purpose has always been to serve as a challenge to the hunting skills of people who are, despite these changing times, predators. And so they remain for a whole storehouse of reasons.
I kept that rack of antlers through some 20 years of travels, only to lose it and the rest of my past when my log house in the woods burned to the ground in 1981.
What I remember today, when I glance up at my yard-sale antlers-so closely resembling the rack of that old warrior buck from Solitary Hollow-is that deer have always had a purpose in both living and dying. It's a grander purpose than anyone could ever imagine, reminding us that wildness is not so much a man-made definition as simply a state of being.
One of the many reasons we still hunt deer in this age of alternate choices is that we still need to experience some degree of wildness ourselves. We need it, if only to sit before dawn in the woods, communing with our own senses and considering the wondrous ways of nature, which include mighty measures of life and death. If a deer must have a purpose in our minds, drawing us out from behind our four walls to match wits with him in his world is a pretty good one.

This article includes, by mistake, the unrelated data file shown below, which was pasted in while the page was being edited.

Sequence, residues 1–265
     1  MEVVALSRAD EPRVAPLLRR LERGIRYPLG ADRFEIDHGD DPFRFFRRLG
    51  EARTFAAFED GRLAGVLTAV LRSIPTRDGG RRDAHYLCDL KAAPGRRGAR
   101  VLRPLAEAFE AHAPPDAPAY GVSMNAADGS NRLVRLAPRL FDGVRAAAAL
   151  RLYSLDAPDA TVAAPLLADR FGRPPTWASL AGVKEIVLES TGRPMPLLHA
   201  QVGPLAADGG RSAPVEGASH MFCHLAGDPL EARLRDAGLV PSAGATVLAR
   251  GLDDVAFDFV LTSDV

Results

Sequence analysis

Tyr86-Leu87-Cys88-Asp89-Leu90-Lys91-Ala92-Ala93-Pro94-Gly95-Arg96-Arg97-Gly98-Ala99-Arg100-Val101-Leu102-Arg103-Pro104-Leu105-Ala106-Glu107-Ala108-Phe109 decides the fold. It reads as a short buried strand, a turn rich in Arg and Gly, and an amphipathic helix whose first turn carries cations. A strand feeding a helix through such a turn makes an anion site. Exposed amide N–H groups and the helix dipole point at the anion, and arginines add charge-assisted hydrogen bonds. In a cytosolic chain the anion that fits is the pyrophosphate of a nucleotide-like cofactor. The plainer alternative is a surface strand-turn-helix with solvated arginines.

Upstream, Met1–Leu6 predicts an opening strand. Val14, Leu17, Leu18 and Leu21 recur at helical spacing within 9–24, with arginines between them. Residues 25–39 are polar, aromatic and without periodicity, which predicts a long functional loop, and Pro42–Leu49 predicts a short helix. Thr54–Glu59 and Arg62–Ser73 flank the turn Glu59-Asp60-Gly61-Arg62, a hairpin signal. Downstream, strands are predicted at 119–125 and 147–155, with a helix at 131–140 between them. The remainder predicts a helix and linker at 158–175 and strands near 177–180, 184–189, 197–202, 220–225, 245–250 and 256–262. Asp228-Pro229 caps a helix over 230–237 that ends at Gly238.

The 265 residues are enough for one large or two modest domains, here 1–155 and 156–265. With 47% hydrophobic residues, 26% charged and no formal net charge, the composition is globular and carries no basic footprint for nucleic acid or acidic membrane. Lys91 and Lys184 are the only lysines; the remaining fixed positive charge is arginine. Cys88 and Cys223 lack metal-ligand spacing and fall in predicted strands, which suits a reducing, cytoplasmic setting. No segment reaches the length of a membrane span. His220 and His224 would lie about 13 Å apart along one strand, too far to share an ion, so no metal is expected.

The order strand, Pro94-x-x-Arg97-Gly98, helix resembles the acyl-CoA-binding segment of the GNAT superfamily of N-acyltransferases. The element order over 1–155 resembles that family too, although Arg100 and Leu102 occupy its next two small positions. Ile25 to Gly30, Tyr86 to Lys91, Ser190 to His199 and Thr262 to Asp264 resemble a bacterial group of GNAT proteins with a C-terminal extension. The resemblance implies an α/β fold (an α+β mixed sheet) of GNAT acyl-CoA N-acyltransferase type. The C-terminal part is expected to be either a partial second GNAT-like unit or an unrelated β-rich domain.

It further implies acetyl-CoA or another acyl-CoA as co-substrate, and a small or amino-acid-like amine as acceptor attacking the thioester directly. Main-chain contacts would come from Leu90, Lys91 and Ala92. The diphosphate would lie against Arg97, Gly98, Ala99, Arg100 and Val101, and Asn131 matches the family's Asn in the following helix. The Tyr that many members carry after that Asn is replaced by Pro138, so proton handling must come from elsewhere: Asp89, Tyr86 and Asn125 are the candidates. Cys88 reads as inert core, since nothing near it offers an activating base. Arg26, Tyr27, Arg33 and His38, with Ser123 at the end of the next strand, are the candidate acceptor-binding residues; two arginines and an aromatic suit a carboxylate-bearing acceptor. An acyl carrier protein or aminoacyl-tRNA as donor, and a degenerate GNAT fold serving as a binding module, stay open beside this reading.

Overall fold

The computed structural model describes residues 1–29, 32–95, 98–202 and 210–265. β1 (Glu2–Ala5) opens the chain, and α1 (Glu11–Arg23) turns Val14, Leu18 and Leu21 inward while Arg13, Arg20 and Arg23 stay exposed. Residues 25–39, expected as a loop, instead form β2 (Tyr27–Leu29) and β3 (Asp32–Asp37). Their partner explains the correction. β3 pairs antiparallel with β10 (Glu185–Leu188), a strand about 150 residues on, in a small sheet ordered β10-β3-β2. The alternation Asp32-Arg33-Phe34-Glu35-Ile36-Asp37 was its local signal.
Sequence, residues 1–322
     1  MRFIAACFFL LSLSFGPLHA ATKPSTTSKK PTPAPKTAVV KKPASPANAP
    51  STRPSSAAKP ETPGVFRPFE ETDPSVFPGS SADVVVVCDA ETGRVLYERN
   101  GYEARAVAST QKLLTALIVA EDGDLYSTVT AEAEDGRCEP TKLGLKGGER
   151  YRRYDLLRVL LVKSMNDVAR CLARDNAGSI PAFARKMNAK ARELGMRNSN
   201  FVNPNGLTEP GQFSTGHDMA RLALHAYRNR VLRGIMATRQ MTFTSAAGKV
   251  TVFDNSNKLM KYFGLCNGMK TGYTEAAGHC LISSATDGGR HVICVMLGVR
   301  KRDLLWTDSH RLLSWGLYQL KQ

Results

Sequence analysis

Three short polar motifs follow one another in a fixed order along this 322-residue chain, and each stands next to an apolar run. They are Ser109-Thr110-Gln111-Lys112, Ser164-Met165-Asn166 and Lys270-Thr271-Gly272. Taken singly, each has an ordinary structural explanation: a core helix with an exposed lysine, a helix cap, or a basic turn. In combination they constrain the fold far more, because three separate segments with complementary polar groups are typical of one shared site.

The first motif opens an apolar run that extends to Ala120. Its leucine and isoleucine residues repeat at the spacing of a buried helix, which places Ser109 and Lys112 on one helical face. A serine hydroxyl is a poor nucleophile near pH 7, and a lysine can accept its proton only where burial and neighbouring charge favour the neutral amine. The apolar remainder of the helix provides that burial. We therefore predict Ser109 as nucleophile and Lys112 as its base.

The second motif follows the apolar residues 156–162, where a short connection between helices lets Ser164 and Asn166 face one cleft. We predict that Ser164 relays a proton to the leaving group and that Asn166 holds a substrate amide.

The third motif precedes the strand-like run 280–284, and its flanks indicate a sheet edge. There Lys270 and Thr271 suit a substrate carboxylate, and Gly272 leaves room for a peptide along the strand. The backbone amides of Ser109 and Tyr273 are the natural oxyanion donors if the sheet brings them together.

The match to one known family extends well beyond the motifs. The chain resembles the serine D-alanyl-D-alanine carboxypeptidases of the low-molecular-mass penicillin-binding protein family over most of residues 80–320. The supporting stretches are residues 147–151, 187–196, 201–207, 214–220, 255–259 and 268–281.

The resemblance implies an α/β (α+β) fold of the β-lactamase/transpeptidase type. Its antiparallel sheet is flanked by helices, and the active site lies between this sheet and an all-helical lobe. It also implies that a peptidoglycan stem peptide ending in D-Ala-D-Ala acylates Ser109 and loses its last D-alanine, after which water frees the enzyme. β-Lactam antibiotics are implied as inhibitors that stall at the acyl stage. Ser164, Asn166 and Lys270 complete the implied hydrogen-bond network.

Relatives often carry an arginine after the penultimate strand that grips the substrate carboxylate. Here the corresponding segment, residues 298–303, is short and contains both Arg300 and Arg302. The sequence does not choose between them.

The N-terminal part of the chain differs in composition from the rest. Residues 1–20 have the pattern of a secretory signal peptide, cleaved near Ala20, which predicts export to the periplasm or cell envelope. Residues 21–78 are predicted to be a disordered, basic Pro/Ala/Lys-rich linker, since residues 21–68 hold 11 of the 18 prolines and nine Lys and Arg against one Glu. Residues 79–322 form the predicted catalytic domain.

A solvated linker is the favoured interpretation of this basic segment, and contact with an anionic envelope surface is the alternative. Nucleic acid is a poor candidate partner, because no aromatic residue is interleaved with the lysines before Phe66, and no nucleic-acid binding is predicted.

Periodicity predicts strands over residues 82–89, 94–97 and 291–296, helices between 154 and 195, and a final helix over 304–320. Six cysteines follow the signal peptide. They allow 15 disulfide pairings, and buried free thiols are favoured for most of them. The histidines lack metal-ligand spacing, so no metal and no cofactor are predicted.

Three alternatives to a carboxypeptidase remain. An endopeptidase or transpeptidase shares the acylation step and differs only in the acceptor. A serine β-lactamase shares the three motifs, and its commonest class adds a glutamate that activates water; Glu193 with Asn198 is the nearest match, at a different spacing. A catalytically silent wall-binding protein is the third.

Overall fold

For this reason, I have to admit that I have had a lifelong admiration for antlers. Just seeing them always touches that wild place in my soul, like the way nature's breath on your neck reminds you of another place you'd rather be.
There is constant amazement to be found in a "rack of horns," as we call them back home. There's artistry in the grace and design that nature always seems to give her weapons. The amazement lies in the complex genetic codes that not only control the shape and size of antlers, but allow annual improvements in the form of the formidable points that a buck uses in battle for just one season before discarding them in favor of a bigger and better set.
The artistic pleasure lies in the balanced sweep of the blades that rise from a burly, knurled base and curve into a main beam that sprouts smooth tines that are as satisfying to touch as a fine sculpture. No wonder we fashion knife handles from them. Of all the world's deer, the antlers of our own whitetail seem the most symmetrical.